The prime example of French Gothic architecture, the Notre Dame of Paris, will not be rebuilt with a plan to restore the spire in previously-decided contemporary design, proclaimed by President Emmanuel Macron.
In April of 2019, the cathedral unfortunately suffered from a large fire that burnt down much of the structure, including the famed spire sitting atop the once-majestic building. France’s president vowed to rebuild the cathedral in five years, just in time for the 2024 Paris Olympics. However, the previously planned contemporary spire, which caused a lot of complaints and criticism, will not be executed, after Macron withdrew an international architectural design competition. The cause for the plans to cease are numerous architects, academics, conservationists, as well as regular Parisians who protested against the contemporary design, including the Notre Dame’s chief architect Philippe Villeneuve who even threatened to resign if the design of the spire was to be altered.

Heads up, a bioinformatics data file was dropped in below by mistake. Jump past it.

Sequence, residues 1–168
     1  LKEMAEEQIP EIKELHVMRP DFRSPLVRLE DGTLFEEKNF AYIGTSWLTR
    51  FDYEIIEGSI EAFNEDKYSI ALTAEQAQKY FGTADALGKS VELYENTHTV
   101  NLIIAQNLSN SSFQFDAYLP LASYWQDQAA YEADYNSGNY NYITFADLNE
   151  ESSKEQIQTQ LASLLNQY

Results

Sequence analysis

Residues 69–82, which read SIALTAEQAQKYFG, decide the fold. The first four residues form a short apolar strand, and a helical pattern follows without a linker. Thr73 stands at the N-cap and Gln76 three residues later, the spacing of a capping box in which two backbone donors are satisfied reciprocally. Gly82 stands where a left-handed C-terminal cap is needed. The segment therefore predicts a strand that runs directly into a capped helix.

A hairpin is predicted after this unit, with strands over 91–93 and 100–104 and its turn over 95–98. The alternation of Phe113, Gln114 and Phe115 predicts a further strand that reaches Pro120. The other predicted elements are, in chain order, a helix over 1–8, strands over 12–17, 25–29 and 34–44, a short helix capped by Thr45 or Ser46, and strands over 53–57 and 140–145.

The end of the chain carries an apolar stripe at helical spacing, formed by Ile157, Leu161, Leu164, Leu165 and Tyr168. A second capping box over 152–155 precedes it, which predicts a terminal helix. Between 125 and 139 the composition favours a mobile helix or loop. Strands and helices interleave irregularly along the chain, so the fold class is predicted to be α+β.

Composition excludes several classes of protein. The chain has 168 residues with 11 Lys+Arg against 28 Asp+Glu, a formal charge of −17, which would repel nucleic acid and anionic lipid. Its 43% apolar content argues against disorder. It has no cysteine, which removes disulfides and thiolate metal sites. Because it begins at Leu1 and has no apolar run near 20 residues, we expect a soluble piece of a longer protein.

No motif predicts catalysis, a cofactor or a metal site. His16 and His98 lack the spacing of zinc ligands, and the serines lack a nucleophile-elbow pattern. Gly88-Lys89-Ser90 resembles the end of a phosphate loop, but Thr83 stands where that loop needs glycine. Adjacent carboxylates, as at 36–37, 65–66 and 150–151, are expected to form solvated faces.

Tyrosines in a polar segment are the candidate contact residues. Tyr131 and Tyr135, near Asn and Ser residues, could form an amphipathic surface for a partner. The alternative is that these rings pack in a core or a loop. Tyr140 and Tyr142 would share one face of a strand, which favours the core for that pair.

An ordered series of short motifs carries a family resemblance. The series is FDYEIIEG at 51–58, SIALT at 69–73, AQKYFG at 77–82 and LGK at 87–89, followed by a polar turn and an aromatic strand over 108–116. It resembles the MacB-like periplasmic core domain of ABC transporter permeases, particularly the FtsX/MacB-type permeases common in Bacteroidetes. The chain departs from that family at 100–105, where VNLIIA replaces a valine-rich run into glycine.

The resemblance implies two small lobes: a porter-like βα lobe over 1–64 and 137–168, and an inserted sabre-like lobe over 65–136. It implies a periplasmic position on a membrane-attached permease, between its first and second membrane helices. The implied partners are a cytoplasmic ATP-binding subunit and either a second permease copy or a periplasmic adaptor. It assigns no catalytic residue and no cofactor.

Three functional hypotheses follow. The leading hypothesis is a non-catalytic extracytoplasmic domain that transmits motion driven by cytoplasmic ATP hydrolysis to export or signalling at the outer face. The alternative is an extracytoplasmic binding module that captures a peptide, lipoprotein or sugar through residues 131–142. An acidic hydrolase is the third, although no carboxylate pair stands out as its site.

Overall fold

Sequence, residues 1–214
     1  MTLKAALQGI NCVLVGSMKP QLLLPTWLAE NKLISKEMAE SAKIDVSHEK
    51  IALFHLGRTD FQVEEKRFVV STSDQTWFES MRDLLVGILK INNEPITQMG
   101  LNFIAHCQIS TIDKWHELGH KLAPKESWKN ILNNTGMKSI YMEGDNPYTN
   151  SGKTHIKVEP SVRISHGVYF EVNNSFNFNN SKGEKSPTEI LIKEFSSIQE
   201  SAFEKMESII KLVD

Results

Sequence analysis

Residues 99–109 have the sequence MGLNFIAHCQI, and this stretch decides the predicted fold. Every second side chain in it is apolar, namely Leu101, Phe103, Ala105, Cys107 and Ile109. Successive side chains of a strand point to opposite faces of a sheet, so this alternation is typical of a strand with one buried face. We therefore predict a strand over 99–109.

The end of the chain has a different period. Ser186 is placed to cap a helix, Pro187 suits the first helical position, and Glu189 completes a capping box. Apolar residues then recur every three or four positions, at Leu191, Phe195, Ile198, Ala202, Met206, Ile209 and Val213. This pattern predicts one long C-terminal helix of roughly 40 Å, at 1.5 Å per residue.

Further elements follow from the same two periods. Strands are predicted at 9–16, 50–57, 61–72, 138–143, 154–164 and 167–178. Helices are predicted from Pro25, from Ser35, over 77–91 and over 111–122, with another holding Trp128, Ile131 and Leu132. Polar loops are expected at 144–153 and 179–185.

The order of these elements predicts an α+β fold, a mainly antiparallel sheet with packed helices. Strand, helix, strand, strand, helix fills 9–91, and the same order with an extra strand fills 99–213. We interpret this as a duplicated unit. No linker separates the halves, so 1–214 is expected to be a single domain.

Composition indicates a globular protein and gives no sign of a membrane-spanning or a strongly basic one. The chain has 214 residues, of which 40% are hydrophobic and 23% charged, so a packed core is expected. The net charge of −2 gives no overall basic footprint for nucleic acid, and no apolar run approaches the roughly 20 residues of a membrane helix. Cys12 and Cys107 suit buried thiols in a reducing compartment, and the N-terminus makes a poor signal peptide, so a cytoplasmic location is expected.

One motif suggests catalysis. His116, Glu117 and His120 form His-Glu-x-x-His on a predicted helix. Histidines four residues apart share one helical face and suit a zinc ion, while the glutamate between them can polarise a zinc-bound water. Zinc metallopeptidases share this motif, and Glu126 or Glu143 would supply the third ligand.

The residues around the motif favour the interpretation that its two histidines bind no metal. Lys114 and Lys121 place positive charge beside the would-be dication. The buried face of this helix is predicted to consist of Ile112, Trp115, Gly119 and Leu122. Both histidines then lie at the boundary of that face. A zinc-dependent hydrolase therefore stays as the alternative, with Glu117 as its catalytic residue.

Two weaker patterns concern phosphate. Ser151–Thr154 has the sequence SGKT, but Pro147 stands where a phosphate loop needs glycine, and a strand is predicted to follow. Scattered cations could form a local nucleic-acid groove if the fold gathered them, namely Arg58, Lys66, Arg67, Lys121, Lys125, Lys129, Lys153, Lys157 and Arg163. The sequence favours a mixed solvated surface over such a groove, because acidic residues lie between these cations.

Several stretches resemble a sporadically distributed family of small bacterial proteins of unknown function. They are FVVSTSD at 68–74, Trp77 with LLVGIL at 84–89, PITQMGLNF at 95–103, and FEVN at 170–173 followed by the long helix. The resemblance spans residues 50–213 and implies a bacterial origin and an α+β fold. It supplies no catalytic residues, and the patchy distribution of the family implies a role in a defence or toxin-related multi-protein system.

The outcry led to the French Senate passing a bill that requires reconstruction to the spire’s “last known visual state,” which was originally added to the 13th-century church back in 1859. Macron’s decision was in large swayed by the country’s National Heritage and Architecture Commission, which says restoring the cathedral to its previous look would “guarantee the authenticity, the harmony, and the coherence of this masterpiece of Gothic architecture.”